The last chapter of Weintraub’s book is entitled “What If— ?” This is counterfactual history at its best and he sets out what he believes the rest of the twentieth century would have been like if the soldiers had been able to cause the Christmas Truce of 1914 to stop the war at that point. Like many other historians, he believes that with an early end of the war in December of 1914, there probably would have been no Russian Revolution, no Communism, no Lenin, and no Stalin. Furthermore, there would have been no vicious peace imposed on Germany by the Versailles Treaty, and therefore, no Hitler, no Nazism, and no World War II. With the early truce there would have been no entry of America into the European War and America might have had a chance to remain, or return, to being a Republic rather than moving toward World War II, the “Cold” War (Korea and Vietnam), and our present status as the world bully.

Weintraub states that:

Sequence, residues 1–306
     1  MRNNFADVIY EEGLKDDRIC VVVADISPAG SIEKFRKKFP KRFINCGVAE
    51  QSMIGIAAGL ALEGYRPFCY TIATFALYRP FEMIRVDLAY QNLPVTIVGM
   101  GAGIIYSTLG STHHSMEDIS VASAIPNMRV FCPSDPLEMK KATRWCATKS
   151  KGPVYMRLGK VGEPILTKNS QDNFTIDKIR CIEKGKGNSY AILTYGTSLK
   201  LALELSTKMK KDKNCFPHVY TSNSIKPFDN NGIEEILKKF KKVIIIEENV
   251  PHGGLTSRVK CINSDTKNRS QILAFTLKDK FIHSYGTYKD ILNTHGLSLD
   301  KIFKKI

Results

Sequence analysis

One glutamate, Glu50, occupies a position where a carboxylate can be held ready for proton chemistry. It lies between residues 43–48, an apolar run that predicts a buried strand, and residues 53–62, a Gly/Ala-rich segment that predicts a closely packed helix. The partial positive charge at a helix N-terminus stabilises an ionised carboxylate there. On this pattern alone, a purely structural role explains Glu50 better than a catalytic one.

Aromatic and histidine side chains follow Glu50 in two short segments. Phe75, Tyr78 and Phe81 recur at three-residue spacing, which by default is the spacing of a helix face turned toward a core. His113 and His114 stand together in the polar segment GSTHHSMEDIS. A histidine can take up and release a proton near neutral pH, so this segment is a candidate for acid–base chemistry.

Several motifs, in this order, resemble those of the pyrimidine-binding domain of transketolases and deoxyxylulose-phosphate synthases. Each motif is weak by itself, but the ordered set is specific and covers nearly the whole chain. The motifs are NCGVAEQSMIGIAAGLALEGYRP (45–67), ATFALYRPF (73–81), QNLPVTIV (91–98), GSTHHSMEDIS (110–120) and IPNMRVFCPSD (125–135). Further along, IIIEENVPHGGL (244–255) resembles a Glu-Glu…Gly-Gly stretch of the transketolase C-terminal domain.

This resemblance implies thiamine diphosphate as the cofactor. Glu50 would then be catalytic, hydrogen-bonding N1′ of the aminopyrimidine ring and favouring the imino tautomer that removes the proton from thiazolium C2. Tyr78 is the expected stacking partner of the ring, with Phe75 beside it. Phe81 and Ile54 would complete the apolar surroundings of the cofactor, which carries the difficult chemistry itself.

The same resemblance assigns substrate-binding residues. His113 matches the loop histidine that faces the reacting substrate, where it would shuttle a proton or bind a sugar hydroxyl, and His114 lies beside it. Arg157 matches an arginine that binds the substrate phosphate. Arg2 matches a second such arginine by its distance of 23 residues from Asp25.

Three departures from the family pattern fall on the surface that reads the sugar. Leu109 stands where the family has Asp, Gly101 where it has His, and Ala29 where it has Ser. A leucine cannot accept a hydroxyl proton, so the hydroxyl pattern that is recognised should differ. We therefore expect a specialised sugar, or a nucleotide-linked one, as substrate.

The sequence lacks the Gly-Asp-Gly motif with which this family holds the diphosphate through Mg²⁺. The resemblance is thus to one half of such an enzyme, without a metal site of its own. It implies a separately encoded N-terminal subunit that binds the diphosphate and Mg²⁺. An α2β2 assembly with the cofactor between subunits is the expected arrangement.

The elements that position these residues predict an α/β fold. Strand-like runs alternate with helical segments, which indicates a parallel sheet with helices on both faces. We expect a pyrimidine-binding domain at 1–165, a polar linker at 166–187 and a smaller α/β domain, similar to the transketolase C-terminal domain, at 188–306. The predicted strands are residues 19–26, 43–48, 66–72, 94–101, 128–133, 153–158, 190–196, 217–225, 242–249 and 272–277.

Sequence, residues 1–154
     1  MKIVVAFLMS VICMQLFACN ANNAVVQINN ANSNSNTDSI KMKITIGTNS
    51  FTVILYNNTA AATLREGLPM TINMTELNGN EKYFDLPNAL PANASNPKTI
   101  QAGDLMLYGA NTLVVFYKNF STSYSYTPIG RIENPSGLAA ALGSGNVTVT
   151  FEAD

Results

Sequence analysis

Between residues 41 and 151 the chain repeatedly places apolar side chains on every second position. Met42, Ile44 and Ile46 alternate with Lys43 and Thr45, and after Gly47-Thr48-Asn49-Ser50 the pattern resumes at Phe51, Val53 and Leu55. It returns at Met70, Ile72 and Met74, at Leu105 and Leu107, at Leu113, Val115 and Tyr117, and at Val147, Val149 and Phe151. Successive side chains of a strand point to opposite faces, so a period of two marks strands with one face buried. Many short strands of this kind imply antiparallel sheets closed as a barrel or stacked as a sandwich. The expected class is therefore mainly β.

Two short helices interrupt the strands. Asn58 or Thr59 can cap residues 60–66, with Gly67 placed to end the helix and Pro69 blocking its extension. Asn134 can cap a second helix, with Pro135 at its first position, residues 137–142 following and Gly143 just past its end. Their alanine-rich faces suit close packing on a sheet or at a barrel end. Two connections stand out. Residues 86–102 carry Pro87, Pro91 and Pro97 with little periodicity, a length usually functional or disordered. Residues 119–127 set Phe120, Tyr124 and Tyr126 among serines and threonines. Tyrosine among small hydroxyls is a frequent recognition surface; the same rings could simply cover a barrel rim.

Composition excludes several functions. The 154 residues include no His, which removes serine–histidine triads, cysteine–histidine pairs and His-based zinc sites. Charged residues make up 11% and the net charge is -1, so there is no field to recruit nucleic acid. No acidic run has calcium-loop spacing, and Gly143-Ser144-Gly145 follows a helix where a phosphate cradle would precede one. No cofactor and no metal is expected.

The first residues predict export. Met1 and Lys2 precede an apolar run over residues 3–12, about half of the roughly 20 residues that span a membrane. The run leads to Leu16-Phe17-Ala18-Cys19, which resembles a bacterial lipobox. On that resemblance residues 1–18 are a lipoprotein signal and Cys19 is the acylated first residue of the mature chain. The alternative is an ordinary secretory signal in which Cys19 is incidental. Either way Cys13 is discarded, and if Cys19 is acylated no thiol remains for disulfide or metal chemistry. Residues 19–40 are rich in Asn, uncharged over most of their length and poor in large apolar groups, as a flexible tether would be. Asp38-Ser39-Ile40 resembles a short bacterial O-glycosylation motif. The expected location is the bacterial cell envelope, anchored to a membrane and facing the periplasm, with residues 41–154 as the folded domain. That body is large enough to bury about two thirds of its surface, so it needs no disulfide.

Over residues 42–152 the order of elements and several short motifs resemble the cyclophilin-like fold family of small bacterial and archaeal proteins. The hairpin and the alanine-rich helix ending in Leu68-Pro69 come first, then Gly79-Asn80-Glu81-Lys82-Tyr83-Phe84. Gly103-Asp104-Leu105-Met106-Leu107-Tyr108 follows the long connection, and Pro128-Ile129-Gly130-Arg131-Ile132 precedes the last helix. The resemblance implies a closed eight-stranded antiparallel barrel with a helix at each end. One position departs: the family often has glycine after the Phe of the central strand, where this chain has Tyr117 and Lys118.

Franklin D. Roosevelt, only an obscure assistant secretary of the navy — of a fleet going nowhere militarily — would have returned to a boring law practice, and never have been the losing but attractive vice presidential candidate in 1920, a role earned by his war visibility. Wilson, who would not be campaigning for reelection in 1916 on a platform that he kept America out of war, would have lost (he only won narrowly) to a powerful new Republican president, Charles Evans Hughes.

He also suggests another result of the early peace:

Germany in peace rather than war would have become the dominant nation in Europe, possibly in the world, competitor to a more slowly awakening America, and to an increasingly ambitious and militant Japan. No Wilsonian League of Nations would have emerged. … Yet, a relatively benign, German-led, Commonwealth of Europe might have developed decades earlier than the European Community under leaders not destroyed in the war or its aftermath.

Many leaders of the British Empire saw the new nationalistic Germany (since 1870–1871) as a threat to their world trade, especially with Germany’s new navy. The idea that economics played a major role in bringing on the war was confirmed by President Woodrow Wilson after the war in a speech wherein he gave his assessment of the real cause of the war. He was campaigning in St. Louis, Missouri in September of 1919 trying to get the US Senate to approve the Versailles Treaty and he stated: